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Christopher C. Harmon
The date is March 20, 1995. It is a beautiful clear spring morning. There is still a brisk breeze and people are bundled up in coats. Yesterday was Sunday, tomorrow is the Spring Equinox, a national holiday. Sandwiched right in the middle of what should have been a long weekend, you're probably thinking, "I wish I didn't have to go to work today." No such luck. You get up at the normal time, wash, dress, breakfast, and head for the subway station. You board the train, crowded as usual. Nothing out of the ordinary. It promises to be a perfectly run-of-the-mill day. Until a man in disguise pokes at the floor of the car with the sharpened tip of his umbrella, puncturing some plastic bags filled with a strange liquid … —Haruki Murakami, Underground
As our triple tragedy of September 11 slips backward in time, the process of national self-examination set in motion that day has narrowed to a few well-worn themes—"homeland security," "Arab rage," "the conflict of civilizations," the alleged failures of U.S. foreign policy, and so on—retailed again and again to dwindling attention. Clearly we need some new angles to take the measure of what happened and learn from it.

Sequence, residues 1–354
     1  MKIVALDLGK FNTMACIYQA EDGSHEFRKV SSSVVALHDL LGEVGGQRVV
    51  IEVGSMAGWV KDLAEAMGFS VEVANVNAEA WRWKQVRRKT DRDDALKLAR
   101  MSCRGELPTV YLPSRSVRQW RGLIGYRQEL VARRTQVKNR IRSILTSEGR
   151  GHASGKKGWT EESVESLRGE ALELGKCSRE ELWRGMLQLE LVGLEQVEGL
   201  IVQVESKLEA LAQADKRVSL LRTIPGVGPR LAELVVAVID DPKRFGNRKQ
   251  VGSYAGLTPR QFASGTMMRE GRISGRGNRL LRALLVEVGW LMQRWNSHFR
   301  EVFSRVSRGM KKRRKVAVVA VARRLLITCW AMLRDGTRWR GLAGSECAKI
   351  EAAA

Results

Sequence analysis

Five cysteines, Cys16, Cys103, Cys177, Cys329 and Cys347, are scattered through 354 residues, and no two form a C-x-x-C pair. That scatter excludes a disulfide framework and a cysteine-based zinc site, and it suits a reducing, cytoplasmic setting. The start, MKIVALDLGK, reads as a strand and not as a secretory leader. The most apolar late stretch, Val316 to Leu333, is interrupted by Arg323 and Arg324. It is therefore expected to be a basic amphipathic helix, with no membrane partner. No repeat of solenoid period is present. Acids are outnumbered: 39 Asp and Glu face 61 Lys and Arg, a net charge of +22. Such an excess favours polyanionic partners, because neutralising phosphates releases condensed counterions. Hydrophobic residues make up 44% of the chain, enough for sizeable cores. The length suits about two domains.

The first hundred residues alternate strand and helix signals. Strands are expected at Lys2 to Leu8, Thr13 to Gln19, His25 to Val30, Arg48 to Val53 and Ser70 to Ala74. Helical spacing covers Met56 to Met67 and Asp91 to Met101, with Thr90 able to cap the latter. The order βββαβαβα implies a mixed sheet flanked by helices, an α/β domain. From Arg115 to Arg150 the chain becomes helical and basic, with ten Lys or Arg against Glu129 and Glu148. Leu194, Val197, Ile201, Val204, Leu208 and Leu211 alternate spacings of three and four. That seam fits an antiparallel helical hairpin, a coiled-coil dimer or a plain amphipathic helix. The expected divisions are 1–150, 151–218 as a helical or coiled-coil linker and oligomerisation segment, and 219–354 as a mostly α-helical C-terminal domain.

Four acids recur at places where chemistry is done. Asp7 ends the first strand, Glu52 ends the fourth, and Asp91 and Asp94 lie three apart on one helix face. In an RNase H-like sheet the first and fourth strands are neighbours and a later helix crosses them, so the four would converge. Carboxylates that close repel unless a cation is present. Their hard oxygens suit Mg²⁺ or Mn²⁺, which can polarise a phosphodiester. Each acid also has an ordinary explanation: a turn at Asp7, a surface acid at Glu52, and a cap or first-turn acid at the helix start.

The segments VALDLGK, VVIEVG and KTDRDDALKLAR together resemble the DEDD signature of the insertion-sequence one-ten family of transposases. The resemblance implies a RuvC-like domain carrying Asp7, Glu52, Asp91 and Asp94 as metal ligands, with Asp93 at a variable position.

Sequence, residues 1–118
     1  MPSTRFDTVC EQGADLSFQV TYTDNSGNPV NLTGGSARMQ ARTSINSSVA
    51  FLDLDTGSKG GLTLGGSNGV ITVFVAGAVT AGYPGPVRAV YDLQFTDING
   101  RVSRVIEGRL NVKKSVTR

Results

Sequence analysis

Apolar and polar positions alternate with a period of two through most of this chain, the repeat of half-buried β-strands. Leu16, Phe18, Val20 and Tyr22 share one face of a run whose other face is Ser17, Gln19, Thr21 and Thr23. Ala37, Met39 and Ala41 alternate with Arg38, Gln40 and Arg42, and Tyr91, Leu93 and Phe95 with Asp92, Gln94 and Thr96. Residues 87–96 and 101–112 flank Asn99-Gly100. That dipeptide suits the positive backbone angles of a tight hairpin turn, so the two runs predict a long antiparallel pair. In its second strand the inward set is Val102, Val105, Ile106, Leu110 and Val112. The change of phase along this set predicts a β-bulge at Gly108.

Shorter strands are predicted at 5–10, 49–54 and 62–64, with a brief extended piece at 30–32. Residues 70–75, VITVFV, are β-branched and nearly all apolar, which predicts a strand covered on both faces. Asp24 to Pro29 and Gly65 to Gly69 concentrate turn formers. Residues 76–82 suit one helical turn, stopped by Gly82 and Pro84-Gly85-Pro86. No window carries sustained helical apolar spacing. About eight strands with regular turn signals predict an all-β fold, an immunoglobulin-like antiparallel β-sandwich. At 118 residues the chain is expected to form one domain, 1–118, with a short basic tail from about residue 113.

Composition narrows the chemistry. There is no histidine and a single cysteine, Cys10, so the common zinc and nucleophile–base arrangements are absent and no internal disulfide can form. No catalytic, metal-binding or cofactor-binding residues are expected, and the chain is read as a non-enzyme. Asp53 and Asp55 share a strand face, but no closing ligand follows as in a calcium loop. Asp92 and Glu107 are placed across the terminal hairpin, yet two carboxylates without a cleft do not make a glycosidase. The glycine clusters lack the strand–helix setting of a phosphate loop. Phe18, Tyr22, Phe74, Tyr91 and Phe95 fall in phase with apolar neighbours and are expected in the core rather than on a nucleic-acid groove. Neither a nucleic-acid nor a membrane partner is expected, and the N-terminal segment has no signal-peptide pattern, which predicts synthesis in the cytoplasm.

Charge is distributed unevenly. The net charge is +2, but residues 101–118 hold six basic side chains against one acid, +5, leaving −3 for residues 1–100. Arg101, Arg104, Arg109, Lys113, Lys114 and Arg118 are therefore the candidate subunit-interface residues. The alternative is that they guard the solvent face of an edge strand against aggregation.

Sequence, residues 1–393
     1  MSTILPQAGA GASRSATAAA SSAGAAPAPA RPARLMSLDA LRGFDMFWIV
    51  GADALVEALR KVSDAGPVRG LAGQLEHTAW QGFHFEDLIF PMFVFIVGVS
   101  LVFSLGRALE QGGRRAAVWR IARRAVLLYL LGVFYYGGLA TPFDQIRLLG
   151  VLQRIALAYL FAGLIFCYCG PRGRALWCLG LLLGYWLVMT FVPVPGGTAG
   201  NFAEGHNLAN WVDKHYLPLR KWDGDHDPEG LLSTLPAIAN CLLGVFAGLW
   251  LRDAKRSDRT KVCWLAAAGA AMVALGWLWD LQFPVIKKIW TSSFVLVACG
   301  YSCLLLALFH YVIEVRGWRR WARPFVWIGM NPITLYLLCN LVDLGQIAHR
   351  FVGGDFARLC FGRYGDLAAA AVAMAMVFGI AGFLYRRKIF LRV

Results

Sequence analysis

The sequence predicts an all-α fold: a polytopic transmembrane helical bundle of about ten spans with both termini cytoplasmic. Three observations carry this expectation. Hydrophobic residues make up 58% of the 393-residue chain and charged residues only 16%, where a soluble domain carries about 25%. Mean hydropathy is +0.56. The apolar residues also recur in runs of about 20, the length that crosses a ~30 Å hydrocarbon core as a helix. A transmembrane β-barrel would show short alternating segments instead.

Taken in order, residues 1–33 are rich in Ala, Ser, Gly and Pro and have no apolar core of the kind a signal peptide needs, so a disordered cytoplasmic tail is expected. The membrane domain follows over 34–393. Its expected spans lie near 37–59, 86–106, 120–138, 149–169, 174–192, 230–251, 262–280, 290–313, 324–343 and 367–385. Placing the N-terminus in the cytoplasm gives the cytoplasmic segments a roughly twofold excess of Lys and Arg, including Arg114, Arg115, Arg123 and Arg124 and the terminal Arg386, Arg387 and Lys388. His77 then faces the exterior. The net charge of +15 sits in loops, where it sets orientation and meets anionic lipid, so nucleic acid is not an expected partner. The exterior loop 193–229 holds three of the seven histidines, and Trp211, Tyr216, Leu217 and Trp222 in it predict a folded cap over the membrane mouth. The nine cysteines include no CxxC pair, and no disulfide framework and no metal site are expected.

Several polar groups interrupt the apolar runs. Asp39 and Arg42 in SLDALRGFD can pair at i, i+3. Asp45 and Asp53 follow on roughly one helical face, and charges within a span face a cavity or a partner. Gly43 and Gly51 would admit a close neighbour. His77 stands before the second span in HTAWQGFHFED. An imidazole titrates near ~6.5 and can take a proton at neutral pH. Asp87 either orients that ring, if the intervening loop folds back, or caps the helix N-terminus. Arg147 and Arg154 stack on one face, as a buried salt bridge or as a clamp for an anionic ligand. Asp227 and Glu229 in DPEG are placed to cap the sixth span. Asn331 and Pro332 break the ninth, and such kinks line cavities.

One such vantage point might be found in the experience of another liberal democracy, Japan, hit by a weapon of mass destruction in March 1995. Members of the Aum Shinrikyo cult released the deadly nerve gas, sarin, at several points in the Tokyo subway system. The death toll was mercifully low—eleven people died—but more than 5,000 were affected by the gas, many of them suffering lasting physical harm, not to mention the psychological impact.
While the attack and its aftermath were widely covered in the media, most Americans will have only hazy recollections of the event. That can be remedied by a reading of Haruki Murakami's Underground: The Tokyo Gas Attack and the Japanese Psyche, an extraordinary book by the contemporary Japanese novelist most widely known in the West.
Underground compiles the recollections and ...